While everything in plays and musicals is carefully planned and executed – particularly dances, stage combat and aerial maneuvers, sometimes things go wrong. There have been cases where actors have wandered too far downstage and fallen in the pit. When Lisa Kirk did it in 1947’s Allegro, she got up without missing a beat and received a big laugh. She almost lost her job recreating the moment at the next performance. At that same performance, one of the dancers from the show got his tap caught in the stage track, tearing the ligaments and tendons in his legs. He had to be carried into the wings screaming. When a dancer fell offstage in Anyone Can Whistle in 1964, the pit musician on whom he fell died. In Mary Martin’s autobiography, she talked about taking flight in Peter Pan and due to the rudimentary technology would find herself being flown into sets and walls. Barbara Cook decided not to come to Broadway in Carrie when the malfunctioning set almost decapitated her on opening night.

One of the great disappointments is arriving at the theatre to discover that the star will be out. Gwen Verdon, the Tony-winning above the title star of Redhead, was well aware of this. When she was forced to miss the August 1, 1959 performance due to a severe sprain, the star came to the theatre and made the understudy announcement herself: “I’m sorry for the accident, but at least this will give me my first chance to see the show. I hope you’ll stay and see it with me.” She then made her way to a seat on the aisle and sat with the audience for the evening. According to Peter Filichia’s cast album liner notes, “only a handful did.”

Most shows deal with injury on a regular basis, which is also why some of the bigger dance shows have the confetti of understudy inserts in the Playbills. Sprained ankles, tumbles and falls are a part of the dancer’s life, most vividly brought to life by the character Paul in A Chorus Line. There have been many occasions where stars have gone on in spite of their injury, the audience none the wiser. (Carol Channing once performed Hello, Dolly! on tour from a wheel chair following a foot injury). However, there are many instances where that’s just not possible. Karen Olivo was forced to withdraw early from West Side Story after breaking her ankle. Fela! was forced to cancel a performance last fall when there were too many injuries and the understudies weren’t ready to go on. More recently, an actor in the Donmar revival of Passion suffered an eye injury when a pistol containing blanks misfired during a performance.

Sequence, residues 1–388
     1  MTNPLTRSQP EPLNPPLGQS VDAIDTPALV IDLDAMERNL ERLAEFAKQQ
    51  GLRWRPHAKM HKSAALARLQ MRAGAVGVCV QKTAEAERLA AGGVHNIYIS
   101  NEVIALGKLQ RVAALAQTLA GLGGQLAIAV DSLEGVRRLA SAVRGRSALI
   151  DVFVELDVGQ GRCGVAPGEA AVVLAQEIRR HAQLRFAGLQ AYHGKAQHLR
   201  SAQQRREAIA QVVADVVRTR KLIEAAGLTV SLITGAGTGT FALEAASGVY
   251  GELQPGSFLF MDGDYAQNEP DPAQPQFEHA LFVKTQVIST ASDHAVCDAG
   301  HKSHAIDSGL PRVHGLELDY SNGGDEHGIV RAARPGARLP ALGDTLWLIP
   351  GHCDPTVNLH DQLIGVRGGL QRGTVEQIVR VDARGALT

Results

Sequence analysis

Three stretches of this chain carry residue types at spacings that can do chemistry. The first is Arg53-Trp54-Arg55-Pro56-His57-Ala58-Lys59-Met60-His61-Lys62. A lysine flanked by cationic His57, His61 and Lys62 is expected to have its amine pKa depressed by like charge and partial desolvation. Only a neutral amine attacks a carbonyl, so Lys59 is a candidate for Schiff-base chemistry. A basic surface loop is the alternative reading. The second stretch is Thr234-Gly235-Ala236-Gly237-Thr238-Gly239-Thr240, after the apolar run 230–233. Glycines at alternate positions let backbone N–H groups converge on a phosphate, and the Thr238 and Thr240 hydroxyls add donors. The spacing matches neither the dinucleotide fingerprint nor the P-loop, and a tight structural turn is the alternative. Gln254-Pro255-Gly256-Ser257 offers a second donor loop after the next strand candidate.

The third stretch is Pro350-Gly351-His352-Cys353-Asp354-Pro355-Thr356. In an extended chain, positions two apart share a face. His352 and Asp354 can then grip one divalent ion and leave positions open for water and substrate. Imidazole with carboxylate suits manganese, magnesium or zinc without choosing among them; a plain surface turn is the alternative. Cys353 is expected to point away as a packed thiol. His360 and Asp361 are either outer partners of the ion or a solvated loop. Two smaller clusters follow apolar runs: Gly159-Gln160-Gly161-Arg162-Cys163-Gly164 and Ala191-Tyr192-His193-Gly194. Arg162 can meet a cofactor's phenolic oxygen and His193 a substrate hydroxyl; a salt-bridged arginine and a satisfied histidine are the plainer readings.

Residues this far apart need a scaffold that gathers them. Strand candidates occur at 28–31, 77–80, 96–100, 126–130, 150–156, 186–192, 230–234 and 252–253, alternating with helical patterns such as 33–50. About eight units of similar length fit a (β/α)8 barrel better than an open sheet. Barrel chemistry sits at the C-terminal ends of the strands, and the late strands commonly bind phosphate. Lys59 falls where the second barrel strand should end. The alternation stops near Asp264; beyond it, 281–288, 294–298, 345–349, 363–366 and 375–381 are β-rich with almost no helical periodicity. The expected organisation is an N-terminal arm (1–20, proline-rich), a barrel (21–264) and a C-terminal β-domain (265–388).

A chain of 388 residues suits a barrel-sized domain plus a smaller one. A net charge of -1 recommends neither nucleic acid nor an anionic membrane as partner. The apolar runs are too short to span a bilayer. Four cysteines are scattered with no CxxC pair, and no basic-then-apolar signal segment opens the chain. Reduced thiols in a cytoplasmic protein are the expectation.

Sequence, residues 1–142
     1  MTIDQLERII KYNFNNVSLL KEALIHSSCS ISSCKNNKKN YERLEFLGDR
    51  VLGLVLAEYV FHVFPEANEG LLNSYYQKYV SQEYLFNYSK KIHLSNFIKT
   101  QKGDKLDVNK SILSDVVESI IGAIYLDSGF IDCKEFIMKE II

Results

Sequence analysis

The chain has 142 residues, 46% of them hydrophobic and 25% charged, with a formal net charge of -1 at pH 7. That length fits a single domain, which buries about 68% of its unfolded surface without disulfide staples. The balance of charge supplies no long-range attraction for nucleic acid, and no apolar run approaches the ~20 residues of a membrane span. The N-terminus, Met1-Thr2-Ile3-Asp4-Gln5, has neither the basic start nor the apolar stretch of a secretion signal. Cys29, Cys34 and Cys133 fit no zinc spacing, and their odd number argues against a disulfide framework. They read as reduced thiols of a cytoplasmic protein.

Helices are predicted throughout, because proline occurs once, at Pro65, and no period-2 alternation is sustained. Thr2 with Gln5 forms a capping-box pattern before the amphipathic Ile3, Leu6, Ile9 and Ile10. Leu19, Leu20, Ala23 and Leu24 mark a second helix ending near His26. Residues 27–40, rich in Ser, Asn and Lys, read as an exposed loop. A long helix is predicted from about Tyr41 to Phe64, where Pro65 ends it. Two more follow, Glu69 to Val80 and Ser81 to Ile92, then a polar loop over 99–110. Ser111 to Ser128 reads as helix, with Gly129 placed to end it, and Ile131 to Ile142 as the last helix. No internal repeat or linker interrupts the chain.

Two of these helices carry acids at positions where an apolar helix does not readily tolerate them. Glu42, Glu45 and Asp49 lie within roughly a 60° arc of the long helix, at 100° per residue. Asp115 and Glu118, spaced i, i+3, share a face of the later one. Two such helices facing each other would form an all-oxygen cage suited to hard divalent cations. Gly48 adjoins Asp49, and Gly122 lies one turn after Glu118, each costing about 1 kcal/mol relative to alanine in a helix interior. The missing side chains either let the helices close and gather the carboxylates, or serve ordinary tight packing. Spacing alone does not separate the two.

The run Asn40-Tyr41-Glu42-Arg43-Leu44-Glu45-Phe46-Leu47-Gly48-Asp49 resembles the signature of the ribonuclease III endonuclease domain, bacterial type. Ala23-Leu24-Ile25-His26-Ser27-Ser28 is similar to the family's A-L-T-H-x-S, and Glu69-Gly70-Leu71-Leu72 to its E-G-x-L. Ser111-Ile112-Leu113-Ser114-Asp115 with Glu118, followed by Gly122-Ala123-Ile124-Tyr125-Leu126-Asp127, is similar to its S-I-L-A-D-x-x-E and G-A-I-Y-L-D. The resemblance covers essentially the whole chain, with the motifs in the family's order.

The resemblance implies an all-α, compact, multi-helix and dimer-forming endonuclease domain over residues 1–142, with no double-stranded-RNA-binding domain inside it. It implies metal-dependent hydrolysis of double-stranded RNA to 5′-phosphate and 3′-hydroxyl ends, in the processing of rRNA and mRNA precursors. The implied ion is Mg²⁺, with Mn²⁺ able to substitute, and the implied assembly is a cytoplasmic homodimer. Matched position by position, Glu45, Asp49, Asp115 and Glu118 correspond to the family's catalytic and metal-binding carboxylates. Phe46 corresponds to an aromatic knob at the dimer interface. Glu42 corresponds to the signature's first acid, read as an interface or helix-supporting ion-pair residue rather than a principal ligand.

The most recent incident that made major headlines involved actor Adrian Bailey while the veteran was appearing in The Little Mermaid. The Disney musical was choreographed on heelies and with an intricate design. While running through various scenes before the show, the actor fell through a trap door in the set which sent him falling forty feet to the stage. Mr. Bailey suffered two broken wrists, a broken foot, several broken ribs, a fractured sternum and also broke his back and a shattered pelvis. His medical injuries required extensive surgery and rehabilitation. A lawsuit against Disney was filed and is currently in litigation.

As for Spider-Man, this production is going to be unlike anything we’ve seen before. According to producer Michael Cohl, safety is a top priority. That said, from a physical element, everything that is done in the theatre will have to meet city and state regulations. While I know the intent is to wow the audience with its spectacle, I do hope they remember the safety of their actors, and in this case, the paying audience as well.